If you can increase your PQ score with positive psychology coaching, you may encounter less stress, improve your work performance, and boost your levels of happiness (Kun & Gadanecz, 2019).
What is Positive Intelligence?
When speaking of human flourishing, how do we know when we’re contented versus anxious, thriving versus just surviving?
This is where the Positive Intelligence Quotient (PQ) comes in.
According to Charmine (2012), your PQ is the percentage of time your mind is spent serving you versus sabotaging you, allowing you to either flourish or be overrun by negative, rigid behaviors.
More specifically, your PQ reflects the strength of your positive mental muscles (sometimes called your “sage”) versus your negative (the “saboteur”).
Your level of positive intelligence is your ability to boost your sage and dampen down your saboteur (Chamine, 2012). A strong ability to do so promotes joy, compassion, and curiosity as opposed to anxiety, shame, and regret.
Measuring PQ: 3 Assessments & Tests
The following assessments and tests can be used with your clients to enhance and develop their PQ.
1. PQ gym
PQ Reps was created through thorough research (Hebb, 1949; Doidge, 2007; Begley, 2009). These 10-second exercises are designed to strengthen your PQ mental fitness. The idea is that when PQ is strengthened, it helps clients meet challenges with a clear, focused, and insightful mind.
2. PQ score
The PQ score is the overall score of happiness and performance potential. Researchers Chamine and Katayama (2012) have validated this measure.
The PQ score measures the strength of the sage versus the negative saboteur; as a measure of mental fitness, it is widely used. It is a good predictor of how happy an individual is and how well they perform against their potential (Chamine & Katayama, 2012).
3. PQ training program
This full training package combines assessments and tests of mental fitness. They can be practiced daily to boost the PQ score and require 15 minutes per day. The program exercises the three core elements of mental fitness: saboteur interceptor, sage, and self-command (Chamine, 2012).
3 Helpful Exercises for Coaches
Several exercises can promote positive intelligence for coaches. Why not try some of these to foster positive intellectual growth and deter the cycle of sabotage that you may encounter?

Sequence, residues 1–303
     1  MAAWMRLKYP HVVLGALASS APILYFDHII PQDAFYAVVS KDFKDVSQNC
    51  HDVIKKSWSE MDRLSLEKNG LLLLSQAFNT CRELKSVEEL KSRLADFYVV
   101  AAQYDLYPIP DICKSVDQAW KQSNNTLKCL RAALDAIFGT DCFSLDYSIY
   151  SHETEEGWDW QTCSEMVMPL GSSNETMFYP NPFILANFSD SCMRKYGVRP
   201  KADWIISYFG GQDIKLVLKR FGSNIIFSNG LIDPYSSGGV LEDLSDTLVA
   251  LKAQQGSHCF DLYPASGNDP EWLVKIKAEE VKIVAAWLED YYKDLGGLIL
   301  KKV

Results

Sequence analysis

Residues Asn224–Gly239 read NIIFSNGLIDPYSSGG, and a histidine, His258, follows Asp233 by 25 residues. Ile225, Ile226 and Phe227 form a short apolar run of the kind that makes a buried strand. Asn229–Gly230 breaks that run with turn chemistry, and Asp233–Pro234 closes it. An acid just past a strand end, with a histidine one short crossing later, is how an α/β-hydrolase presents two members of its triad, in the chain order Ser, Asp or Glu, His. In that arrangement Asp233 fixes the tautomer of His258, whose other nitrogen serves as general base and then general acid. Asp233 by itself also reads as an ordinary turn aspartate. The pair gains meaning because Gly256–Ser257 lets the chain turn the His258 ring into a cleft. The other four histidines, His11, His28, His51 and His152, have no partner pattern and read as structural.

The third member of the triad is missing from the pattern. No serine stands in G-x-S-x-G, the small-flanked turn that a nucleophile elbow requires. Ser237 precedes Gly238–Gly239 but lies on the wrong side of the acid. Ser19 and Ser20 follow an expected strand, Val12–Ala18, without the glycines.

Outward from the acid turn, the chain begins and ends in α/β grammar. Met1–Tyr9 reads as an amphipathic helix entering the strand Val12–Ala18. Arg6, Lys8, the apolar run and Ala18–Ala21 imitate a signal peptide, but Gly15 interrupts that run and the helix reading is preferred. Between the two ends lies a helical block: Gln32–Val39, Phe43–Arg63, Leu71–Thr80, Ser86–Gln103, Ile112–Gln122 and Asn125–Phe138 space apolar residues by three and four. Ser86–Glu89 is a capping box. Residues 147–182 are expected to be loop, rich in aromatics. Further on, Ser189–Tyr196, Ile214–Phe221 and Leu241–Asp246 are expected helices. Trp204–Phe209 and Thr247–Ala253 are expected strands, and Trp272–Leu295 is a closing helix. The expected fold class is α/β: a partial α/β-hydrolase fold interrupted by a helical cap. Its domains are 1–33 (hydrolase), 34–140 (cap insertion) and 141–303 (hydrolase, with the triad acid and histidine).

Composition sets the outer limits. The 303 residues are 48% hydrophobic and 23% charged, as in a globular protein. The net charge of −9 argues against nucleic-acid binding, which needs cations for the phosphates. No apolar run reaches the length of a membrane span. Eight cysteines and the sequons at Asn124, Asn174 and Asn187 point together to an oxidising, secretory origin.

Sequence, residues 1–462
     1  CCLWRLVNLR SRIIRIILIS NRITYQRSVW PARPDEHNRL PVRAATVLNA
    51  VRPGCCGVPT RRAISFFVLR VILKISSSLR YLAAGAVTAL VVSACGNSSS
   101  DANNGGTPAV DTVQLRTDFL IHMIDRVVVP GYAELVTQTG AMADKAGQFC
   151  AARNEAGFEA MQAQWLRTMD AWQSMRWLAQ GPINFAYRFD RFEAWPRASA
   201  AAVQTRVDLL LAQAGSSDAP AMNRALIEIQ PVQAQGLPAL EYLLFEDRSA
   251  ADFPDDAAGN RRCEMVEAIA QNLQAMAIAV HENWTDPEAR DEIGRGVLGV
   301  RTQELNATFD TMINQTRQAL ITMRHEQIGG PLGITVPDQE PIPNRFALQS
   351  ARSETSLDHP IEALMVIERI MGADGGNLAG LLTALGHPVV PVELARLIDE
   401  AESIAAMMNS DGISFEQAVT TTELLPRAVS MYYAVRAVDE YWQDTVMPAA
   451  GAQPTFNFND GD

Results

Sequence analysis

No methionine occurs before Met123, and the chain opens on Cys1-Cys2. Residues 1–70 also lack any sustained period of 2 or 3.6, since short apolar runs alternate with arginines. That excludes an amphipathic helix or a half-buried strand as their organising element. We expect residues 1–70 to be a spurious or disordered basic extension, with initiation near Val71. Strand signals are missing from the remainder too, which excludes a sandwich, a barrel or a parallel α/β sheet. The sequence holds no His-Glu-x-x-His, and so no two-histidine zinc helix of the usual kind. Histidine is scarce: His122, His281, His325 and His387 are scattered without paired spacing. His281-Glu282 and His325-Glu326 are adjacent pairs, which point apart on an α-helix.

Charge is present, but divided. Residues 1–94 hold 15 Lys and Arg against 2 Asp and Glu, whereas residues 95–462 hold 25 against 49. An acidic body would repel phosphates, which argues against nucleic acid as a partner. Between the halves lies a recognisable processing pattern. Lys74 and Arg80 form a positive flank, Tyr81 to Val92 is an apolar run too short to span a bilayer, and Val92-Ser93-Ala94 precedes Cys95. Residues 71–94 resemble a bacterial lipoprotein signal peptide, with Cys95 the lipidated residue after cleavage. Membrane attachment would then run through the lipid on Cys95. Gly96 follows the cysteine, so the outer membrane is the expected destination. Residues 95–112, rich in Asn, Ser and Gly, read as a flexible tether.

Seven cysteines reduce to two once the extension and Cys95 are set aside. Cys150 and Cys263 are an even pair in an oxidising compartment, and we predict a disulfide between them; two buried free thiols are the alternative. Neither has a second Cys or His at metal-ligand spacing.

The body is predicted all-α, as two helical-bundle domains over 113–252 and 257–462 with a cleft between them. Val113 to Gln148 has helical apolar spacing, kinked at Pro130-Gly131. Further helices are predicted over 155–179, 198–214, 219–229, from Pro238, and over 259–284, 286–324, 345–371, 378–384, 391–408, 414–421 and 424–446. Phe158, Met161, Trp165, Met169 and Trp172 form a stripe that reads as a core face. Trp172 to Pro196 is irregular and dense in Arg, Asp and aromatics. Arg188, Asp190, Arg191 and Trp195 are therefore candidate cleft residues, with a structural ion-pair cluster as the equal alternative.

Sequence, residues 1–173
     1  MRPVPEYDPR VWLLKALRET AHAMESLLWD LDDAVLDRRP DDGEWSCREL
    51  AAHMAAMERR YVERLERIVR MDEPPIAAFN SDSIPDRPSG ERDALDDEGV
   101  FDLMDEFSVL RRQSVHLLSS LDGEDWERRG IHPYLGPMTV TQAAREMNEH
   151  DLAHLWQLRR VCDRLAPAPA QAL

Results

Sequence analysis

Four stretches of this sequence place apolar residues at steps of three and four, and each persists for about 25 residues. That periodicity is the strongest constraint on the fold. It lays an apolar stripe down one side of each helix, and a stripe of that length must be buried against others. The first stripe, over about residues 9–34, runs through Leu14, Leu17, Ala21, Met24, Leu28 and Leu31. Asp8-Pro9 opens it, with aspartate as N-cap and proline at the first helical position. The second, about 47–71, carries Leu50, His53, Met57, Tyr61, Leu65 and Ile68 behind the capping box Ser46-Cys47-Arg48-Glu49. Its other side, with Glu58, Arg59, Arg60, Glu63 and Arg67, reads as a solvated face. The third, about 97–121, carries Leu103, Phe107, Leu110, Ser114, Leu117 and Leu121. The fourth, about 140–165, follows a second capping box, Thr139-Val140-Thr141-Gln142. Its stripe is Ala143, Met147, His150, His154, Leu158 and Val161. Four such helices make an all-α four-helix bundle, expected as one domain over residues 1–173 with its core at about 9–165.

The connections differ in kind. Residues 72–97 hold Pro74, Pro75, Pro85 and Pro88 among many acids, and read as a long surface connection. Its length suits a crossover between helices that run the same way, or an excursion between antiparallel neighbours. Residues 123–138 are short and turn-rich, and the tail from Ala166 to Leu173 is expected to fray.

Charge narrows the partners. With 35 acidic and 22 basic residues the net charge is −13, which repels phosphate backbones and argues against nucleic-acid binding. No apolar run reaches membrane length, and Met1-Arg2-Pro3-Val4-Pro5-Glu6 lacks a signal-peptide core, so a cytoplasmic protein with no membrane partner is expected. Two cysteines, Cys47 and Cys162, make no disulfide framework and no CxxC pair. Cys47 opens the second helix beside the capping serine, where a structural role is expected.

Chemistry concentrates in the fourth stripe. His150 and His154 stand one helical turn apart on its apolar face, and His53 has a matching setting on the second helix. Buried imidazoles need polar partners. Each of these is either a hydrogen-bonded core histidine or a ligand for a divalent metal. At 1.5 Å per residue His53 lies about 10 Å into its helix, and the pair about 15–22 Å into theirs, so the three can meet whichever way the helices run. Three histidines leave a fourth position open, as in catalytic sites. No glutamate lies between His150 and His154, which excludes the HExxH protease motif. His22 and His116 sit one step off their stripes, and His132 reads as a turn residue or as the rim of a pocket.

Here are some exercises to build up your PQ fitness.
1. Gratitude exercises
Write down three things you are grateful for each day, even if they are small, such as the meal you just ate, a colorful sunrise, or the beautiful soundtrack you just listened to.
This exercise shows you how to be grateful for small things. It also helps you see things in the world differently. You can get a whole new worldview on each day, fight against negative bias, and draw in and notice the positive aspects of your day.
2. Set small goals with boundaries and reward yourself
Coaches can be so focused on clients that they often overlook their own wellbeing. Set small goals at the start of the day, with start and finish times. Build in breaks. When you complete each task, reward yourself with a cup of coffee or a five-minute break outside.
Such rewards ensure you work in a productive and efficient manner, while teaching your brain that it will be rewarded for making positive choices. Over time, this new way of working can help improve your mindset. Watch the development of your brain’s six-pack, as it becomes stronger and fitter.
3. Kindness tool
Random acts of kindness can be used by coaches as well as their clients. Strengthening the kindness muscle can be an important element of mental fitness and weaken saboteurs.
Random acts of kindness bring positive mental and physical health gains to the giver (Post, 2005).
As a coach, you can plan a week of kind acts for each day of the week. These do not have to be monetary and can be simple. Why not pay a compliment to three separate people in the day? What about writing a thank you note to someone you know? Smile and say good morning to a stranger. Pick up some litter and throw it in the garbage can. Take flowers to a family member or friend or donate unwanted items to a charity.
3 Books About Saboteurs & PQ
There’s so much more to be said on PQ than can be contained in one blog post, so we recommend the following books.
1. Positive Intelligence: Why Only 20% of Teams and Individuals Achieve Their True Potential – Shirzad Chamine
This book contains valuable tools and techniques. It shows you how to measure and increase PQ for yourself and your clients.
The book will help you identify which of the 10 saboteurs are hidden enemies. Use this with your clients to identify and conquer their saboteurs and strengthen their sage.
This is a fascinating and inspirational read, describing activities to develop mental fitness through daily routines. The book also describes fun games to tap into mental powers.
2. The Saboteur Within: The Definitive Guide to Overcoming Self Sabotage – Matt Hudson